The ventral tegmental area (ATV and in English VTA) is a brain region composed of neurons found in the midbrain and that has a very important role in the brain's reward system, due to the large number of dopaminergic neurons that it possesses and that they connect with other parts of the brain. Today we will talk about this area of the brain that is essential for us to feel reinforcement, pleasure or emotions.
The ventral tegmental area is a set of neurons found in the midbrain and is the headquarters of the body for dopaminergic neurons of the mesolimbic and mesocortical system.
Our brain has two very important dopaminergic areas: the substantia nigra and the ventral tegmental area, which are located adjacent to each other. However, while the substantia nigra projects its dopaminergic neurons to locations such as the striatum and is commonly associated with movement, the ventral tegmental area is directed primarily toward the prefrontal cortex and nucleus accumbens.
The ventral tegmental area has four primary nuclei: the paranigral nuclei and the parabrachial pigmented area, which contain many dopaminergic neurons, and the retroflexed parafascicular area and ventral tegmental tail. In addition to dopaminergic neurons, they also have GABAergic neurons that project to regions such as the prefrontal cortex or the nucleus accumbens, compensating for the activity of dopaminergic neurons..
Dopaminergic neurons in the ventral tegmental area are essential for feeling excitement, reinforcement, and motivation, as well as learning and many other cognitive functions. The dopamine cells found in this area release dopamine, a neurotransmitter that allows us to experience reinforcement or pleasure and that is associated with cognitive and emotional processes such as motivation, cognition, emotions such as love, reinforcement, and addictions..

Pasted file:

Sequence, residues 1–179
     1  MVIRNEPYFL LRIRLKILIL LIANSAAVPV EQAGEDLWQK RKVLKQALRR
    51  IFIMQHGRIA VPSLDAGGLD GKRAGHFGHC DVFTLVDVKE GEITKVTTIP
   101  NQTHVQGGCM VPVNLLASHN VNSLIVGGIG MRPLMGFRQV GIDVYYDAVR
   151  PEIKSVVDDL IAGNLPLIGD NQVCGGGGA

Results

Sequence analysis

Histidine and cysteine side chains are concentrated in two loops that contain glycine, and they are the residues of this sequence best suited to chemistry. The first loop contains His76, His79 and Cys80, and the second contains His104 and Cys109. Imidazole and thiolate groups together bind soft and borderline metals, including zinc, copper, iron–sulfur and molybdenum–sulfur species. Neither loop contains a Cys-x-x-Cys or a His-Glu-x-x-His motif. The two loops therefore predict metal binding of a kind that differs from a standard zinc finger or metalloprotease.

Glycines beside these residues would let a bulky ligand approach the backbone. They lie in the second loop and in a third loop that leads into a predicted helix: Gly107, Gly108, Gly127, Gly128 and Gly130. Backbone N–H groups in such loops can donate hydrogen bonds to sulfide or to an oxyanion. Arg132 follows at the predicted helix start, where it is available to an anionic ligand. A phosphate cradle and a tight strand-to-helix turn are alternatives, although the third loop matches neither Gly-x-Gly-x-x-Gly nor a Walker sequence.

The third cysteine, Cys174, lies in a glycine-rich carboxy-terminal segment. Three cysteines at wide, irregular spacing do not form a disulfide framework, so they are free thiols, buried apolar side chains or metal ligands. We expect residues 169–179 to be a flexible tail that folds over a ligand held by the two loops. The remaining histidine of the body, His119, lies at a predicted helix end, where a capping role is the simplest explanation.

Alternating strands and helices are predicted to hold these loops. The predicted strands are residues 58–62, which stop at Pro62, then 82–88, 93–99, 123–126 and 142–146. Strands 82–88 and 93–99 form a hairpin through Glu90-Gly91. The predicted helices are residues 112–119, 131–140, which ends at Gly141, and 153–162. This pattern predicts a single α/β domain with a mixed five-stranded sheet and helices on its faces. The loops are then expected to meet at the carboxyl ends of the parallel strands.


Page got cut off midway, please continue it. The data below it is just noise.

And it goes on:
When neurons in the ventral tegmental area emit an excitation signal before an event, the nucleus accumbens that is connected to this area releases dopamine, achieving the sensation of pleasure or reinforcement. In turn, this information reaches the prefrontal cortex, which functions as a kind of director when it comes to processing information through higher cognitive functions. This in turn projects information back to the ventral tegmental area, completing an essential reinforcement circuit to understand the behavior and emotional and cognitive processes of human beings..
The ventral tegmental area plays an essential role in the reward system that we have talked about and its projections to other parts of the brain are so many that it seems that this region may be involved in different disorders. A malfunction of this region or a problem derived from the dopamine levels in which it is involved, can cause serious problems for health and human behavior.
One disorder that appears to be related to the ventral tegmental area and the reward system in general is schizophrenia, a disease that appears to be influenced by high dopamine levels. It also seems to play a role in attention deficit hyperactivity disorder, which is related to low levels of dopamine in the ventral tegmental area or Parkinson's disease, which leads to a deficit of this neurotransmitter in the nervous system, for which they are usually use dopamine agonists that achieve better control of the symptoms of the disease.
In addition, the ventral tegmental area next to the nucleus accumbens are the key places in the drug addiction process. From nicotine, cocaine, heroin or alcohol, these and other addictive substances alter dopamine levels by raising the excitation of neurons in the ventral tegmental area or by increasing the release of dopamine in the nucleus accumbens.
Impulsive behavior, very common in adolescents, is also related to the brain's reward systems, especially the ventral tegmental area. A recent study carried out by the University of Pittsburgh shows that this impulsive adolescent behavior is not related to a higher level of dopamine, as has always been claimed.
Moghaddam, the author of the experiment, showed how the neuronal activity of the ventral tegmental area of adolescents did not release dopamine when there were stimuli that anticipated pleasure, which is what happens in adults. This may be an explanation of why they make decisions more compulsively, since they seek to carry out an action that produces the pleasure that they do not get in the absence of anticipation. This and many other findings are making us understand more and better human behavior and its relationship with the brain.